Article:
Background: Current literature describing the periacetabular osteotomy (PAO) is mostly limited to retrospective case series. Larger, prospective cohort studies are needed to provide better clinical evidence regarding this procedure. The goals of the current study were to (1) report minimum 2-year patient-reported outcomes (pain, hip function, activity, overall health, and quality of life), (2) investigate preoperative clinical and disease characteristics as predictors of clinical outcomes, and (3) report the rate of early failures and reoperations in patients undergoing contemporary PAO surgery.
Methods: A large, prospective, multicenter cohort of PAO procedures was established, and outcomes at a minimum of 2 years were analyzed. A total of 391 hips were included for analysis (79% of the patients were female, and the average patient age was 25.4 years). Patient-reported outcomes, conversion to total hip replacement, reoperations, and major complications were documented. Variables with a p value of ≤0.10 in the univariate linear regressions were included in the multivariate linear regression. The backward stepwise selection method was used to determine the final risk factors of clinical outcomes.
Results: Clinical outcome analysis demonstrated major clinically important improvements in pain, function, quality of life, overall health, and activity level. Increasing age and a body mass index status of overweight or obese were predictive of improved results for certain outcome metrics. Male sex and mild acetabular dysplasia were predictive of lesser improvements in certain outcome measures. Three (0.8%) of the hips underwent early conversion to total hip arthroplasty, 12 (3%) required reoperation, and 26 (7%) experienced a major complication.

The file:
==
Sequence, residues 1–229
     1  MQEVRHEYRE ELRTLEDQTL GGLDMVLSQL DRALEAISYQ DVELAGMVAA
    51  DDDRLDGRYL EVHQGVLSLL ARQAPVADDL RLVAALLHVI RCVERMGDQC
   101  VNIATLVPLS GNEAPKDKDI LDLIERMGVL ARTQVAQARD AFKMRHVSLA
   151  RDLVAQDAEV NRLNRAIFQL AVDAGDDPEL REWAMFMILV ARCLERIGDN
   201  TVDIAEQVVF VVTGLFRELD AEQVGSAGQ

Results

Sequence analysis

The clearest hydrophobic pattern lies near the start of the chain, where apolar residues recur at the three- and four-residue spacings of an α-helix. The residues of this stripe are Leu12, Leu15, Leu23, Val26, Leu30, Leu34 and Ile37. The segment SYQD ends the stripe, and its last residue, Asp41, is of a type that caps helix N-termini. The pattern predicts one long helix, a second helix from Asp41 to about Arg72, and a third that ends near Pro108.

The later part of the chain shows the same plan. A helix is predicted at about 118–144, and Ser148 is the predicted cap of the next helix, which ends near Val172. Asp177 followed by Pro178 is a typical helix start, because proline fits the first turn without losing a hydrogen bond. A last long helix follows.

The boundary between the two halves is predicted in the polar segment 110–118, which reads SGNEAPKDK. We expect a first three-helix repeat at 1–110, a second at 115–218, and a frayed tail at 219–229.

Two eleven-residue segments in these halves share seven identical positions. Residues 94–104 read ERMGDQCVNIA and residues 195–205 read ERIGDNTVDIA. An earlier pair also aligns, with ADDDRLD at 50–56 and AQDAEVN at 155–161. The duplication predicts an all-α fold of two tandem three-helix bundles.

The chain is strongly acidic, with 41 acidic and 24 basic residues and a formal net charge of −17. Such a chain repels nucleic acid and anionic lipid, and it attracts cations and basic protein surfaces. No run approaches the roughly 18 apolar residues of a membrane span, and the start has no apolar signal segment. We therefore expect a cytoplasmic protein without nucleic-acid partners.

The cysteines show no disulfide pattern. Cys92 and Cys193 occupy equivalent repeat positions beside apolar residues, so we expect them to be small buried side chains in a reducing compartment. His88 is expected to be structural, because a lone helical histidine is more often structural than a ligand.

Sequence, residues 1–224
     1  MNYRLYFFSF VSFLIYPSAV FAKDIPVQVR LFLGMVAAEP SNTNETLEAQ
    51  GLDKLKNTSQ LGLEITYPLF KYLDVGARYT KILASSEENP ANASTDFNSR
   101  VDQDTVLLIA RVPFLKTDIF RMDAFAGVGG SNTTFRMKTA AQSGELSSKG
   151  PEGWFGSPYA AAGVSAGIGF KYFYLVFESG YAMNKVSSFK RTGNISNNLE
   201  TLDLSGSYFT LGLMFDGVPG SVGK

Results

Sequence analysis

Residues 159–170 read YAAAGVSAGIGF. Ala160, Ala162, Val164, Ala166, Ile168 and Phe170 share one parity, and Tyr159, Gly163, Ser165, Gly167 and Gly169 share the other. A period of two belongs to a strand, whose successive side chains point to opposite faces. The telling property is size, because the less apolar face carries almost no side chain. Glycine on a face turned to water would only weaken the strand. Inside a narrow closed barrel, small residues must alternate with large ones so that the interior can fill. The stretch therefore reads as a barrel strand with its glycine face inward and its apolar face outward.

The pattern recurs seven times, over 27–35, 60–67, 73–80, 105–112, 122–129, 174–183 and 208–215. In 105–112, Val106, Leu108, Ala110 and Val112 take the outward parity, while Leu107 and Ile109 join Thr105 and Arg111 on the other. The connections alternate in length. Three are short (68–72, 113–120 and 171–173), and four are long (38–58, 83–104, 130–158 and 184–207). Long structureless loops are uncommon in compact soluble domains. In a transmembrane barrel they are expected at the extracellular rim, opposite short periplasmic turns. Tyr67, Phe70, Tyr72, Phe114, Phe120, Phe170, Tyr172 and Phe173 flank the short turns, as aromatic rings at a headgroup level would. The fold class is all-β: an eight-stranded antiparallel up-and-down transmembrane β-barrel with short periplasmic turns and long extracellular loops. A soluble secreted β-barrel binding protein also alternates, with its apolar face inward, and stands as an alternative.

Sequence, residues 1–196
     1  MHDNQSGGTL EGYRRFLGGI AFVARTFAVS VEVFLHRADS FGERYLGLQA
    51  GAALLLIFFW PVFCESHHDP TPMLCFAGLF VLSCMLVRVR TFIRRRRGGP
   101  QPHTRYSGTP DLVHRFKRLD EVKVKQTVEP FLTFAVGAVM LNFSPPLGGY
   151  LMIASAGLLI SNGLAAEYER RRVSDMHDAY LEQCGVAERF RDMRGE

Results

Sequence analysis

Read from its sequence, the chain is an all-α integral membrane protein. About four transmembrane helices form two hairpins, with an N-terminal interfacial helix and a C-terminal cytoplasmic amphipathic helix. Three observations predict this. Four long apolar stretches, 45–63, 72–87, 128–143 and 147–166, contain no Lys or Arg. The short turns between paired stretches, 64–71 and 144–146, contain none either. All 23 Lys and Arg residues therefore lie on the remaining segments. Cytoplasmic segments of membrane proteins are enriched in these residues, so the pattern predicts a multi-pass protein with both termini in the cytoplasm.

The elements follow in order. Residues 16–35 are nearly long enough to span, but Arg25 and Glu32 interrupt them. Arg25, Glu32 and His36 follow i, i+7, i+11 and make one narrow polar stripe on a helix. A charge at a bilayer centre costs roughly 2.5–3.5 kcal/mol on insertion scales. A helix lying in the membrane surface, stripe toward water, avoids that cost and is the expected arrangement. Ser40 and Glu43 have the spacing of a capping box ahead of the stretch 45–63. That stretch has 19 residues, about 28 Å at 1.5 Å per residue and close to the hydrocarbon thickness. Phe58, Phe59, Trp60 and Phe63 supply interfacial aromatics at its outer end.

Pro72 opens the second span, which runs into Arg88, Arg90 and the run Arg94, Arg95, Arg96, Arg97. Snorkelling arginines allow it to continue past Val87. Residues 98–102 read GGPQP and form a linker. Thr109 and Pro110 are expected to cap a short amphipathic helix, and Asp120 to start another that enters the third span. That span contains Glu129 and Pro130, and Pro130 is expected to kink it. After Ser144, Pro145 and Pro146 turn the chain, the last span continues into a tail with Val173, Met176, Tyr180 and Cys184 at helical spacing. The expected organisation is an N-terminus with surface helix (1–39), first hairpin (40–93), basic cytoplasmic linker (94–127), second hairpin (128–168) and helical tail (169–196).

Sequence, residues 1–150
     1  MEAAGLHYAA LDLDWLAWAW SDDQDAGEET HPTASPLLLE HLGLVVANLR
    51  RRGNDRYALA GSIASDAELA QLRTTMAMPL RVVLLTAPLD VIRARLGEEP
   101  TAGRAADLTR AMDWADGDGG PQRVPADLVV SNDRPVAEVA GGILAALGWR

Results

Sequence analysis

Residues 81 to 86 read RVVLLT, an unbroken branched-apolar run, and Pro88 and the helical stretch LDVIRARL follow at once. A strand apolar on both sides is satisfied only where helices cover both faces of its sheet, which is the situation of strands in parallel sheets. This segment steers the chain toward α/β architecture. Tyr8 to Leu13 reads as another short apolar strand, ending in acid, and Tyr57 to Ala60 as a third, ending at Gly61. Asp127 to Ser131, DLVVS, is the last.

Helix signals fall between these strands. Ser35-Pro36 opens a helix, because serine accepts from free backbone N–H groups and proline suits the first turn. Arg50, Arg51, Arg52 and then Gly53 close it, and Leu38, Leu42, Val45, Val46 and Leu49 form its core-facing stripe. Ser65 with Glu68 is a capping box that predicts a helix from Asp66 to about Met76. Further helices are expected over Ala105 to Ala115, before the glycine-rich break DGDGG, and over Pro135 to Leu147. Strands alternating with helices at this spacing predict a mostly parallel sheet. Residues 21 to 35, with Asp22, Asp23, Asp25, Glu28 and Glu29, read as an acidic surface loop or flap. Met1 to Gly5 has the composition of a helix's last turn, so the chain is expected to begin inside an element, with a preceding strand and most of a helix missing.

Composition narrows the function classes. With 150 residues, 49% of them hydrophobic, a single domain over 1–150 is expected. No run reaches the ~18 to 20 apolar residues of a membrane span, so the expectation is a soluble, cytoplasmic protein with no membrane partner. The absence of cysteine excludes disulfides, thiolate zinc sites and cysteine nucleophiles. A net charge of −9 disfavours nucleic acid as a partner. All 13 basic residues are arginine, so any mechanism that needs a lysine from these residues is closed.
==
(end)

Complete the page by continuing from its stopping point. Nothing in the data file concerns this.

Conclusions: This large, prospective cohort study demonstrated the clinical success of contemporary PAO surgery for the treatment of symptomatic acetabular dysplasia. Patient and disease characteristics demonstrated predictive value that should be considered in surgical decision-making.
Level of Evidence: Therapeutic Level IV. See Instructions for Authors for a complete description of levels of evidence.
Investigation performed at Washington University, St. Louis, Missouri
Disclosure: This work was supported in part by Award UL1RR024992 from the National Center for Research Resources (J.C.C.). It was also supported in part by the Curing Hip Disease Fund (J.C.C.), the ANCHOR Fund, Smith & Nephew (J.C.C.), and the NFL Charities (J.C.C.). On the Disclosure of Potential Conflicts of Interest forms, which are provided with the online version of the article, one or more of the authors checked “yes” to indicate that the author had a relevant financial relationship in the biomedical arena outside the submitted work.
Disclaimer: The content of this article is solely the responsibility of the authors and does not necessarily represent the official views of the National Center for Research Resources or the National Institutes of Health.
- Copyright © 2017 by The Journal of Bone and Joint Surgery, Incorporated
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